Tuesday, December 01, 2009

Red flag fills red card vacuum


Barhait (Jharkhand), Dec. 1: Mansa Turi laughs and hammers home the role welfare — or the lack of it — plays in restive regions: “If you don’t have a laal card (BPL card), take up the laal jhhanda (red flag of the Maoists).”

The 40-year-old farmer hastened to add that “many of us won’t join the Maoists but there are others, including Muslims, taking up the gun”.

Barhait, about 40km from the district headquarters of Sahibganj, Jharkhand, has a sizeable Muslim population. Many here said they never got a BPL card but those with higher incomes flaunt it.

Any group joining the Maoists is a cause for concern but home ministry officials are particularly worried about towns like Barhait, where they feel that Maoists could exploit the disgruntlement of the minority community.

The increasing presence of Bangladeshis in Sahibganj and near the border areas of Bangladesh, such as Kishanganj in Bihar, is also stoking concern in the ministry that fundamentalist groups could fish in troubled waters, aided by the guerrillas.

Bihar and Jharkhand are among the seven worst Maoist-affected states with substantial populations of Dalits and Muslims. Thirteen per cent of Jharkhand’s population is Muslim. In Bihar, Muslims and backward castes make up over a fourth of the population.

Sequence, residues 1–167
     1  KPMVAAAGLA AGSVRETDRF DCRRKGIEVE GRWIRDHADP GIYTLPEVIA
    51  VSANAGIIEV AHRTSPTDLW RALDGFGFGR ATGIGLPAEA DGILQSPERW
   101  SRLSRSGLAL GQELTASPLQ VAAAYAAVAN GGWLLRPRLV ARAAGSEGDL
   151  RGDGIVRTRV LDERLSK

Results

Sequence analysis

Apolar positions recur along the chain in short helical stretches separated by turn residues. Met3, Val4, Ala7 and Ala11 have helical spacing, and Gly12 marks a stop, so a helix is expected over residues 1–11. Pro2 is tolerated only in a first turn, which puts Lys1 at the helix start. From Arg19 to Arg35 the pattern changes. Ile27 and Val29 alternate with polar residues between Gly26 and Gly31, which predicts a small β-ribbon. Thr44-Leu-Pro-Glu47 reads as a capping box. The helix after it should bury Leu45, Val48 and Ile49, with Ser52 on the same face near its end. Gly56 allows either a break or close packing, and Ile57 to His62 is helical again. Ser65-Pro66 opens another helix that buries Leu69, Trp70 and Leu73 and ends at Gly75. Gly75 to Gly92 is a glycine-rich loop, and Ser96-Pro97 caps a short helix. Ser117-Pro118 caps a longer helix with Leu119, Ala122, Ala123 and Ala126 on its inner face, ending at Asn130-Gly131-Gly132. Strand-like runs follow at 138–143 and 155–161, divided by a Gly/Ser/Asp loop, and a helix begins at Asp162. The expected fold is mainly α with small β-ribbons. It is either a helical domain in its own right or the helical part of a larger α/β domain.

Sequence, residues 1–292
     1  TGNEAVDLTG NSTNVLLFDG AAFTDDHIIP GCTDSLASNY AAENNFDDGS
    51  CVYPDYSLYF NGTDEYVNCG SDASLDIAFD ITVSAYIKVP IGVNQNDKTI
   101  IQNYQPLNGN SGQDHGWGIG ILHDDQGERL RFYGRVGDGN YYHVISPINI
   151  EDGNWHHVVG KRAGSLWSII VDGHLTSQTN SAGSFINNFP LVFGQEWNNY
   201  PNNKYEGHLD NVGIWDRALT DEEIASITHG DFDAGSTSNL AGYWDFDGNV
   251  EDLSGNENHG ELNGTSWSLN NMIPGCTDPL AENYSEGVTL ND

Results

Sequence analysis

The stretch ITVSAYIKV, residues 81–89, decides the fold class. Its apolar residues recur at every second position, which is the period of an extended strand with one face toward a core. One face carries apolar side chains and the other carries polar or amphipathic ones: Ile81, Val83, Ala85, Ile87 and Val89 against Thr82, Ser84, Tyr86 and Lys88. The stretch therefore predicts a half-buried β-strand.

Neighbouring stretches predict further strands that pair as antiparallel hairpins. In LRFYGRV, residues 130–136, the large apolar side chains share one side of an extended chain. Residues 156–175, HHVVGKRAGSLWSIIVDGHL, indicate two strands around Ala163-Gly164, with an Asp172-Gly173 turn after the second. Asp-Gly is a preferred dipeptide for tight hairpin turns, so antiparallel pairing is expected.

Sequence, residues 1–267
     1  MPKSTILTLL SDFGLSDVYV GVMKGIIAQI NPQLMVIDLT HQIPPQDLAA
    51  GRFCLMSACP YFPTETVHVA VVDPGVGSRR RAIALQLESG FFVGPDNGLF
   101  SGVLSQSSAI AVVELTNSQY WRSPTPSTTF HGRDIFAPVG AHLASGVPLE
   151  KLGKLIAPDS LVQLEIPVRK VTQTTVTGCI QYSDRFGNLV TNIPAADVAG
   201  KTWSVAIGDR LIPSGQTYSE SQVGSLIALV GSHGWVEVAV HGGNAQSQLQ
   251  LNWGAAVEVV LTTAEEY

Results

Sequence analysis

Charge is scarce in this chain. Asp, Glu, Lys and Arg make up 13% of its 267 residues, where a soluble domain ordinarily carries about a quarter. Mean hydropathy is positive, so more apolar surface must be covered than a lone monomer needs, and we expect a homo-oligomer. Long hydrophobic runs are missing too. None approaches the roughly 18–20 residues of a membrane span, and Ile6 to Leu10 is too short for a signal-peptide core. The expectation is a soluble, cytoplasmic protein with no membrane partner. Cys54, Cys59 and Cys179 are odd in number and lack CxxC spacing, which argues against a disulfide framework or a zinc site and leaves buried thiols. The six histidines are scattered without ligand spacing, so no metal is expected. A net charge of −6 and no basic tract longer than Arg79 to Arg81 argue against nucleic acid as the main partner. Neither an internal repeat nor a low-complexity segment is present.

In Andhra Pradesh, the Maoists’ Left-wing ideology found supporters among some Muslims in 2005-06. The Centre fears that the Maoists could be looking for similar support in the eastern states of Jharkhand and Bihar.

In 1992, Muslim landlords were said to be part of the Sunlight Sena in Bihar, an outfit engaged in frequent skirmishes with the Naxalites.

But poor Muslims’ problems are the same as those of the poverty-stricken tribals, among whom Maoists enjoy wide support.

“How long can one keep going to the block office? They tell us to go to Sahibganj (the district headquarters) where they make us run from pillar to post to get a job done,” said Sadiq, a small-time Muslim farmer in Barhait. But he kept mum when asked if Muslims were drifting towards the Maoists.

Maoist leaders have made no bones about their sympathies for Islamic groups, though they also said there were differences in ideology.

In 2007, CPI (Maoist) general secretary Ganapathy, asked why the outfit had not spoken up for Muslims, said: “It is wrong to describe the struggle that is going on in Iraq, Afghanistan, the Palestinian territory, Kashmir, Chechnya and several other countries as a struggle by Islamic fundamentalists or a clash of civilisations….

“In essence, all these are national liberation wars, notwithstanding the role of Islamic fundamentalists too in these struggles. We oppose religious fundamentalism of every kind ideologically and politically as it obfuscates class distinction and class struggle and keeps the masses under the yoke of class oppression. However, Islamic fundamentalism, in my opinion, is an ally of the people in their fight against the market fundamentalism promoted by the US, EU, Japan and other imperialists.”

In Nepal, the Maoists could not get a toehold in the Terai region till they got support from Muslims.

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